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Uranium Week: The Nuclear Challenge

Weekly Reports | Feb 13 2018

As the spot uranium price fell again last week, Morgan Stanley questioned the role of nuclear power in the future global energy mix.

-Nuclear power being decommissioned globally
-Carbon reduction targets still require a nuclear contribution
-Uranium spot price falls as markets suffer a risk-off episode

By Greg Peel

As the world’s legacy nuclear plants age and the economics of renewable energy sources improve, the role of nuclear power in the future global energy mix is under question. New nuclear plant construction is highly expensive while the cost of renewables continues to fall. In key nuclear power countries, public policy has turned against nuclear energy.

Morgan Stanley assumes that by 2030, -23% of existing nuclear power will be decommissioned in key nuclear power countries.

Natural gas and renewables are already posing an issue for nuclear power. In the US, the abundance of natural gas made available through modern fracking technology means gas-fired power generation is an increasingly cheap option. As renewable technology improves and economies of scale are achieved, renewables offer another cheaper source.

In the case of renewables, carbon reduction targets have led to government subsidies. Renewables are zero carbon (once up and running). Gas-fired generation emits carbon, but far less than traditional coal-fired. Nuclear energy is also zero carbon (once up and running, but a significant emitter in the construction phase and in the mining of uranium).


Morgan Stanley believes government decarbonisation policies require a nuclear contribution. Yet by 2030, 56 reactors or -40% of the current total will be shut down in Europe. Countries such as Germany and France have adopted nuclear wind-down policies, initially sparked by Japan’s Fukushima disaster, but justified by the growth of renewable energy.

South Korea’s government is of similar mindset. The US is caught between the desire to support an extensive nuclear industry and the cost thereof. Japan’s government is pro-nuclear, but reactor restarts meet with public opposition at every turn.

Morgan Stanley forecasts, assuming no new nuclear plant announcements, by 2040 Europe will have only 35% of the nuclear capacity it has today, the US 56% and South Korea 71%. Only China, in which an aggressive carbon-busting policy includes the rapid construction of new reactors, is the exception to the rule.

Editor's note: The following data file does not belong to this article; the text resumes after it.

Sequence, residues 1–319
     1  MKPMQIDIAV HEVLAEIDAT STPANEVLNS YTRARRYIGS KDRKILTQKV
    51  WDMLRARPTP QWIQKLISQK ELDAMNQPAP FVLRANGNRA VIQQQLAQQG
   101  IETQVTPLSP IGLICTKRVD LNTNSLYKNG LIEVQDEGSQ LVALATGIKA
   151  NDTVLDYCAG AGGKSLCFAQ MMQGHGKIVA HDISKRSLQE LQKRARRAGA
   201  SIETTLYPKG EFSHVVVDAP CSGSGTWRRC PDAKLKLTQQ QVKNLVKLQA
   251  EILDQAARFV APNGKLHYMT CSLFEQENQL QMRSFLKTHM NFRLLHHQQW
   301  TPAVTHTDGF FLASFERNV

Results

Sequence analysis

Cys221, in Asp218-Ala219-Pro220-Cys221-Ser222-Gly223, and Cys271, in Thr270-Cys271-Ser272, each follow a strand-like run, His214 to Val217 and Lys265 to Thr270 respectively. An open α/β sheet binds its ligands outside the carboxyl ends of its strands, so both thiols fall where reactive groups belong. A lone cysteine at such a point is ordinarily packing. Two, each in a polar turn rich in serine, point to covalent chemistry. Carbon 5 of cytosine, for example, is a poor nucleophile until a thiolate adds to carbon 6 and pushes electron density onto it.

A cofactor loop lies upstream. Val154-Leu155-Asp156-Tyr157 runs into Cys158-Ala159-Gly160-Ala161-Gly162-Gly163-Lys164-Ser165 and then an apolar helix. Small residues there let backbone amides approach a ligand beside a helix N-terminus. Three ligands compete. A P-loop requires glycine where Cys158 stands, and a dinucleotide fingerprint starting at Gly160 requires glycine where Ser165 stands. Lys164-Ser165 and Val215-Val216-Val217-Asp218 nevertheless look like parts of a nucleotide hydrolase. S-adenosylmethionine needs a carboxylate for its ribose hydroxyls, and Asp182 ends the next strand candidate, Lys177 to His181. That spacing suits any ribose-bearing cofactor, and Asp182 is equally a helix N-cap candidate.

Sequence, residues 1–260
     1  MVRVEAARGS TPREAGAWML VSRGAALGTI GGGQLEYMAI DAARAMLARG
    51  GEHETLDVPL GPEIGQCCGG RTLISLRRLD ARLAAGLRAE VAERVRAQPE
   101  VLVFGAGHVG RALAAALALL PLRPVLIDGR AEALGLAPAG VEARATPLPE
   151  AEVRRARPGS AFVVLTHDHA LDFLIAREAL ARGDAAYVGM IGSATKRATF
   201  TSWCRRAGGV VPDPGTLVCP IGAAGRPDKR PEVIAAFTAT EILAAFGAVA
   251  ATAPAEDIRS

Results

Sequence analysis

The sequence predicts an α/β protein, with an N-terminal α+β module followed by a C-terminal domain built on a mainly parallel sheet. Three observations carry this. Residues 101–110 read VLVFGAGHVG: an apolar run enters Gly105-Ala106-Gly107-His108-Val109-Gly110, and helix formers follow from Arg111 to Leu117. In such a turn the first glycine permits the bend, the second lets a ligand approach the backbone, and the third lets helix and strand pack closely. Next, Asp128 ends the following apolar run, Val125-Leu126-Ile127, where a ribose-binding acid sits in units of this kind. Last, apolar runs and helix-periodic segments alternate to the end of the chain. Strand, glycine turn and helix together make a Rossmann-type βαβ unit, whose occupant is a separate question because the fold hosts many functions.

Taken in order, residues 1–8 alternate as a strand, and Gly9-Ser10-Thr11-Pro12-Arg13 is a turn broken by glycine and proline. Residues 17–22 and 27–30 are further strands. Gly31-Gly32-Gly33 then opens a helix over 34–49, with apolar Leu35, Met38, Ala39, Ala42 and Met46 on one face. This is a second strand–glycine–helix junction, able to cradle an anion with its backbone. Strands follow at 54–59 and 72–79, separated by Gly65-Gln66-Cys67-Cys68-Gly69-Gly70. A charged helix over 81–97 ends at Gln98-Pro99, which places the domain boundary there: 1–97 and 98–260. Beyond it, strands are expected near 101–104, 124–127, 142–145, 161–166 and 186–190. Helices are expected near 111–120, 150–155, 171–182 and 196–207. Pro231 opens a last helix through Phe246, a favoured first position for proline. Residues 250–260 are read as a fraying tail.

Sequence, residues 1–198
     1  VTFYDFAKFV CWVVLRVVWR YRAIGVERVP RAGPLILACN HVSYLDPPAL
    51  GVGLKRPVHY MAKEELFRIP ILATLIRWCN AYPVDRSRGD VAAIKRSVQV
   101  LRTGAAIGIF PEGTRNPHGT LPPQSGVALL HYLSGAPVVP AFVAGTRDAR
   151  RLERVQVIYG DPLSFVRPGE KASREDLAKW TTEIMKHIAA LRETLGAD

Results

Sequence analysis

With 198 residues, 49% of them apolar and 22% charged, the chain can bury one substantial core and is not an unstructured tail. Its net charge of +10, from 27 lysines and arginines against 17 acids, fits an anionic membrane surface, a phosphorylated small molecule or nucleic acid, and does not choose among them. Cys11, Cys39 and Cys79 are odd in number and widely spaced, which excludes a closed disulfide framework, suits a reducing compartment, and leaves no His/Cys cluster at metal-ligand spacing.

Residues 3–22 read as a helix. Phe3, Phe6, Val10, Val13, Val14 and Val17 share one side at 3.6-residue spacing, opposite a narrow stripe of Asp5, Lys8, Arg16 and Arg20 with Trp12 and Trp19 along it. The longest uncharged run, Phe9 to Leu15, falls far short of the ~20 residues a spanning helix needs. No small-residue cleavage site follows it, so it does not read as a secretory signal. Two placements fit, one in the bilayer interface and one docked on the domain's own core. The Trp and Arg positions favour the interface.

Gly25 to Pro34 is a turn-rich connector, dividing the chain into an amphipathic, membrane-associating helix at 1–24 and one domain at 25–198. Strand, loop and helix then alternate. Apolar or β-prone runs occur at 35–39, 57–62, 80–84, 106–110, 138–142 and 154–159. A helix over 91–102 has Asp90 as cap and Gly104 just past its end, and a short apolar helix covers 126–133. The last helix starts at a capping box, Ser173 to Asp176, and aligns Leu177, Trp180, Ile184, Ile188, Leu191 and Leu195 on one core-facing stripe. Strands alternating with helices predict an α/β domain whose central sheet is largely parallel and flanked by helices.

A lot can change between now and 2040, Morgan Stanley concedes, but a nuclear reactor will still take ten years to commission. Wind farms and solar farms can be commissioned in a fraction of the time, and gas-fired power can be switched on and off very quickly compared to coal-fired.

But to comply with agreed global carbon reduction targets, the equivalent of 40 nuclear plants would need to be commissioned or kept online in Europe and 30 in the US. Ageing plants nonetheless are at greater risk of operational disruption, and plant replacement relies on third generation technology that is five years delayed and over budget.

These two factors raise the risk of poor security of energy supply and lack of affordability for customers, warns Morgan Stanley.

Risk Off

Activity in uranium markets continues to be subdued, as participants wrestle with the unknown impact of extensive production shutdowns in Canada and Kazakhstan and US utilities wait to find out whether the government will impose “Buy American” quotas.

Last week was also a week in which the “risk off” rush in US equities split over into commodities, and uranium wasn’t spared.

Industry consultant TradeTech reports eight transactions recorded in the spot market last week totalling 800,000lbs U3O8 equivalent. TradeTech’s weekly spot price indicator has fallen -US75c to US$21.50/lb. The indicator has fallen for five straight weeks and previous lows are looming.

One small transaction was reported in term markets. TradeTech’s term price indicators remain at US$26.00/lb (mid) and US$30.00/lb (long).

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